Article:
Interview with Todd Park Chief Technology Officer of the United States
Prior to becoming Chief Technology Officer of the U.S. in March 2012, and prior to that, CTO at the U.S. Department of Health and Human Services in 2009, Park co-founded three companies that developed web-based and telehealth solutions for doctors and consumers.
Q – Since you joined HHS, what have you learned about making innovation happen in the government?
I’ve learned that a lot of the same rules that drive success in private sector innovation also apply in the public sector. The philosophy I used extensively in the private sector boiled down to what Eric Ries calls “lean startup” — the whole idea behind lean startup being that you want to engage customers early and rapidly prototype solutions in collaboration with them in order to achieve maximum success.
We have successfully applied lean startup principles at HHS across a range of key initiatives. We’ve emphasized the need to rapidly prototype solutions, engage customers in f those solutions as soon as possible, and then quickly and repeatedly iterate those solutions based on working with customers, until we arrive at both an optimal understanding of what customers really want and a solution that delivers what they want..
It’s a technique that a lot of private sector entrepreneurs have used to great effect, and that we’re now using to great effect in the public sector.
Q – How do you then ensure that a good idea or an innovative idea can be scaled up in a government setting, where the culture may be less receptive to something new?
Critical to the success of our growing array of lean startup projects is the following approach: whenever we consider an idea to make the government work differently and better, the first thing we do is find three to five people at HHS who had that idea a long time ago. They know a lot more about it than we do, and can make the change happen if they’re given the chance.
We band those folks together into a “virtual lean startup team,” and we give them the air cover they need and block down field for them, so they can actually do the thing they’ve always wanted to do.
In the case of FDA, through the Entrepreneurs in Residence Program, we’ve also brought in incredibly talented entrepreneurs and experts from the outside, to complement our best internal innovators. Together, they can make amazing things happen in an incredibly short time.
Q – What’s so great about the Entrepreneurs in Residence Program at FDA?
What’s phenomenal about the FDA’s Entrepreneurs in Residence Program is that it’s a living, breathing incarnation of lean startup within HHS. FDA has taken its best internal innovators and put them to work together with entrepreneurs with highly complementary experiences and expertise. The result has been an amazing band of doers and thinkers who are rocking and rolling, and making terrific things happen terrifically fast.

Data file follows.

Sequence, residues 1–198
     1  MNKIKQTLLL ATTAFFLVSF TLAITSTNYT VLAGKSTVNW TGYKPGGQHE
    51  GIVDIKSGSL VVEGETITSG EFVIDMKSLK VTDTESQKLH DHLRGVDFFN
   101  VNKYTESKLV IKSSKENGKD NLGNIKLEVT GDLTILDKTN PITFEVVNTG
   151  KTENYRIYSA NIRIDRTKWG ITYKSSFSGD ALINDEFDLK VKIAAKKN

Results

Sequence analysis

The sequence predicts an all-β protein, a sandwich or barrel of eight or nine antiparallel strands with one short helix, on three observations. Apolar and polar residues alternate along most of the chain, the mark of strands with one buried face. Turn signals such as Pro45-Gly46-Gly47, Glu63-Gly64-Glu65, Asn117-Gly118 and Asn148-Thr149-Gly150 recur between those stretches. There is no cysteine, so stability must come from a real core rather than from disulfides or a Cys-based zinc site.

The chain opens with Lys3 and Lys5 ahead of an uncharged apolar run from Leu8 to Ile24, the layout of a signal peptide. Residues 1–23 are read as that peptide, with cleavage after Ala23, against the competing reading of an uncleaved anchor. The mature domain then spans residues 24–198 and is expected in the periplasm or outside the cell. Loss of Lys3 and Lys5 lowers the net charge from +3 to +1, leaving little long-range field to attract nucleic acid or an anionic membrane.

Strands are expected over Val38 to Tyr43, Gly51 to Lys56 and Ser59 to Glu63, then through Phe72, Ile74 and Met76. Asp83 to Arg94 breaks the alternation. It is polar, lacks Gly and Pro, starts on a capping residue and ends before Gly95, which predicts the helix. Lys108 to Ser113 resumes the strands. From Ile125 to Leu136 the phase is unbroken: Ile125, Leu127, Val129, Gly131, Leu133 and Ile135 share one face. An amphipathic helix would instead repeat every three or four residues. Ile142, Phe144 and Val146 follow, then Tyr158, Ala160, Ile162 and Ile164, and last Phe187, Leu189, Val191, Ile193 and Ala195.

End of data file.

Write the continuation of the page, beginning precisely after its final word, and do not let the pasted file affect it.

Q – Somewhere, somebody has to give you the green light for these innovations. Where does that start?
In every organization, the tone is set at the very top. And since his first day in office, President Obama has been an incredibly enthusiastic champion of open innovation in government.. He supports the whole idea that government needs to partner with the private sector, the academic sector, and the citizen sector, help unleash the creativity of innovators across these sectors, and team up with them to jointly attack our biggest problems and exploit our biggest opportunities. That’s the overall tone that the President has set, and it provides massively fertile ground for innovation.
Q – What excites you most about FDA’s Innovation Pathway?
Two things: First, the Innovation Pathway will help bring safe and effective medical devices to American patients faster. That will make a huge difference in many lives. And on top of it, the initiative will help medical device companies get their products to market faster and at a lower cost. That will help create jobs and grow the economy.
On another level, I’m enormously excited by the way that the Innovation Pathway project has been run, and by the whole Entrepreneur in Residence, lean startup mode of operation it has embodied. The fact that lean startup has been employed to such great success in the Innovation Pathway project, I think, bodes very well for the replication of this approach more broadly across HHS and the government in general.
Q – What’s the main lessons you’ve learned from the success of FDA’s Innovation Pathway?
The Innovation Pathway at FDA is a phenomenal example of lean startup in action in the government. It proves the success of the whole idea of rapid prototyping, engaging customers and stakeholders as soon as possible, co-inventing an optimal solution through hyper-rapid iteration, and doing all of this at warp speed.
Innovation Pathway exemplifies the power of collaboration. Given the challenges and opportunities that we as a nation face, we’re really only going to be able to get optimal results if we team up as a country.
It’s not about government solving problems by itself. It’s about the private sector, the research sector, the citizen sector, government, and the public in general, teaming up in truly innovative collaborations to deliver optimal results for the American people.